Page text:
17: The Spouse Behind the Business
What do you get when you take a boozy brunch, add business talk, and get the kids to nap? In my case, I was able to convince my husband, Brent, to join
me on the show. Listen in as we talk about balance, support, and
prioritizing when growing a business and family.
I started my first business two months after Brent and I were married. A baby followed just over a year later. It’s been seven years since this crazy season began and to mark the occasion we’re reflecting on what’s worked and what hasn’t worked so well.
In addition to being my other half, Brent Wensel is a land acquisitions manager for a home builder in the Washington metropolitan area. He started his career as an economist and launched his own career shift to real estate when our first child was born.
In this episode we discuss:
How easy it is to prioritize work when building a business;
The importance of having a support person;
Guilt related to the time spent working instead of with family;
When your family doesn’t understand your business;
The role of hobbies and shared interests; and
What we’re doing to make more time for each other.
Just to keep it completely real, our daughter makes a short appearance in this episode when she unexpectedly wakes up early from her nap. #reallife
QUOTABLES BY BRENT
“When the business is in addition to the normal day-to-day obligations, the relationship that is often neglected is the one of husband and wife.”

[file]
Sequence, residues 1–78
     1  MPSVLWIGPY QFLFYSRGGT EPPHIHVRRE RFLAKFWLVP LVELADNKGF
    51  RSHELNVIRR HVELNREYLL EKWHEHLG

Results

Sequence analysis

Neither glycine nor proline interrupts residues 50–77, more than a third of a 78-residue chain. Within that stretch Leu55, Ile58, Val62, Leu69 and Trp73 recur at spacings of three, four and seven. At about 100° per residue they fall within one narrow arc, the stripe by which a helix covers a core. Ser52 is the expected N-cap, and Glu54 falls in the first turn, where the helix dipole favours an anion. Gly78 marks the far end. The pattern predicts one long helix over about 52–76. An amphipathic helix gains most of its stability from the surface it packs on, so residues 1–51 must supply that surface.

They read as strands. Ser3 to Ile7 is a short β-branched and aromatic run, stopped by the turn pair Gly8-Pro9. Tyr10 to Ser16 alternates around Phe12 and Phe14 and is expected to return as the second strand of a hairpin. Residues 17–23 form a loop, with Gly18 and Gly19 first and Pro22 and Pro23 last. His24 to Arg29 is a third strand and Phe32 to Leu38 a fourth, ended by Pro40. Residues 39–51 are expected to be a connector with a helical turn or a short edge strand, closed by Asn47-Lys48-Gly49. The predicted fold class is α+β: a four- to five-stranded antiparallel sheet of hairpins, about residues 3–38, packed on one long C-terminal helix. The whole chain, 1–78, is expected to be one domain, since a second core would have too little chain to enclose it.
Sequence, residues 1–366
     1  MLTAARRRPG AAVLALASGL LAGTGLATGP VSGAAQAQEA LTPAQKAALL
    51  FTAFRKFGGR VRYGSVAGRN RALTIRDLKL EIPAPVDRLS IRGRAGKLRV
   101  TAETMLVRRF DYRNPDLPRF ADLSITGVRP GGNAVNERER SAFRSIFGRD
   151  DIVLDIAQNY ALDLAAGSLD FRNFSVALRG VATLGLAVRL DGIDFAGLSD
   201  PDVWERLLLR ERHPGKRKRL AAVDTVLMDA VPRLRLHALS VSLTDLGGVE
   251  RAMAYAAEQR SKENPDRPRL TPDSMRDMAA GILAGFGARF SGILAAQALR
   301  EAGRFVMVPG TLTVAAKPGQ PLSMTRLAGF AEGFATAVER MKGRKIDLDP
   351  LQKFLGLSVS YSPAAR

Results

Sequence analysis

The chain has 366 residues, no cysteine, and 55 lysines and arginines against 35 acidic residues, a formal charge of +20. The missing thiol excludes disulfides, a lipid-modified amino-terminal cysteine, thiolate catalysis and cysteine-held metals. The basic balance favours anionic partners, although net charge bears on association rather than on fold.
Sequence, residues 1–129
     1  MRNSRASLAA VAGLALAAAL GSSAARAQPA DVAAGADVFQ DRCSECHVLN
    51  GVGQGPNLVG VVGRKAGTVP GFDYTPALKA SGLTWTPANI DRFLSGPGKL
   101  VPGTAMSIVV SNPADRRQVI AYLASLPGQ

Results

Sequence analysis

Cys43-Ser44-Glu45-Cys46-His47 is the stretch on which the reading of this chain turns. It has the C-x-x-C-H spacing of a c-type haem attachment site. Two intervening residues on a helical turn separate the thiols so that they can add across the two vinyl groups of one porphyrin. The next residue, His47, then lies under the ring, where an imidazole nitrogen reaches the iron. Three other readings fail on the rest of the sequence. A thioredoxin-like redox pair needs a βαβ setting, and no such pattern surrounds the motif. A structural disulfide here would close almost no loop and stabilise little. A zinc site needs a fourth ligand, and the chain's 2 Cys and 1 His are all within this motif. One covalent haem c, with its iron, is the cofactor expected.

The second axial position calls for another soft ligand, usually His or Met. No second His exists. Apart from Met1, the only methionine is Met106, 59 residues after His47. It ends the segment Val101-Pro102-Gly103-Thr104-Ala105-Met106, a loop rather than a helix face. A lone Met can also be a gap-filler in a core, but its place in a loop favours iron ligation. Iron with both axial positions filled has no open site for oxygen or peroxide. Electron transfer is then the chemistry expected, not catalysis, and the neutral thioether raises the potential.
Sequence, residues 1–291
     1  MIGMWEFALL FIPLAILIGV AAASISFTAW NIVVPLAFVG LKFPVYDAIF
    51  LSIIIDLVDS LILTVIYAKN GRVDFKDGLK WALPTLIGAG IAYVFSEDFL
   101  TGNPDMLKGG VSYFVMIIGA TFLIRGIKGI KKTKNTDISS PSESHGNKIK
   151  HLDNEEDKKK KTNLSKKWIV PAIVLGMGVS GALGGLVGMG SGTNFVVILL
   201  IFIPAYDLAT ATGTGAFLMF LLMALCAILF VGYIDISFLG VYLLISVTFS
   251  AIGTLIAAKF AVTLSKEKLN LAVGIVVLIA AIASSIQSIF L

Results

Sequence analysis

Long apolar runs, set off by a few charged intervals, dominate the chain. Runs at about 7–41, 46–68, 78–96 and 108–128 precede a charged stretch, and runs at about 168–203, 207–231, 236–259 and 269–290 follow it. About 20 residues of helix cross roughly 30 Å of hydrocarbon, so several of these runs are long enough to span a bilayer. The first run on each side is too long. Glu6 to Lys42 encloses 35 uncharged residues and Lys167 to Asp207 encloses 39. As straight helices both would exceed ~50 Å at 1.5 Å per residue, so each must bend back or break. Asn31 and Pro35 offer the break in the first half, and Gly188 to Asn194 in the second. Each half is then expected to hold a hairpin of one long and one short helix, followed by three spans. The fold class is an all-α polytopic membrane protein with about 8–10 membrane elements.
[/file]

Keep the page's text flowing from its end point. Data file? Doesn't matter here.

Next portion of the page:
“For me the hardest thing is carving out the time where we don’t talk about work or we don’t have the kids in the way.”
“I think, in a lot of ways, what works for us is being opposites.”
“It’s important when someone has an idea that’s interesting and hasn’t been done before. I don’t think you should just be like, ‘Don’t quit your job’ or ‘You shouldn’t focus your attention on that because that’s not the way things are done.’”
“Kim will tell you we met almost 15 years ago and it took me seven years to ask her to marry me. So, yeah, I don’t like to take risks. Getting married was probably my biggest risk, but hey, it’s paid off.”
“Our daughter’s creative. She wants to sing and dance all the time. And I think it’s important for her to see that mommy is building something. That’s an important life lesson.”
“You’ve got to pivot and adjust if you’re not getting the time you need with your business some days. But also, I guess, realize that sometimes your kids need you more or something else needs you more.”